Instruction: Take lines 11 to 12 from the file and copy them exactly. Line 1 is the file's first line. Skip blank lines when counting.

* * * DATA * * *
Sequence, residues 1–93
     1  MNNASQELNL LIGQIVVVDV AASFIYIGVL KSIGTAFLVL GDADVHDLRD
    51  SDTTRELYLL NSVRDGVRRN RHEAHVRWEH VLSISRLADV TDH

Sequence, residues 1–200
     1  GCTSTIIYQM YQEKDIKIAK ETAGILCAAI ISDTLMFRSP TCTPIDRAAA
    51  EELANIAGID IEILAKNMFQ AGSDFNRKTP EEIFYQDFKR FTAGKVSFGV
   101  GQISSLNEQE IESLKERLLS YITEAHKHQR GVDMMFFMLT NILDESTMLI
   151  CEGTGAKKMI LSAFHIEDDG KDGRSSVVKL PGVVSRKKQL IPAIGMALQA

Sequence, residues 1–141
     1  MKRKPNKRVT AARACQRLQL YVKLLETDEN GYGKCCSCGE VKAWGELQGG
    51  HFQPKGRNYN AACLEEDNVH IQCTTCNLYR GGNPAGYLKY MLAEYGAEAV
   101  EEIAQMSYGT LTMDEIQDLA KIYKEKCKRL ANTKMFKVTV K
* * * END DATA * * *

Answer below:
    51  HFQPKGRNYN AACLEEDNVH IQCTTCNLYR GGNPAGYLKY MLAEYGAEAV
   101  EEIAQMSYGT LTMDEIQDLA KIYKEKCKRL ANTKMFKVTV K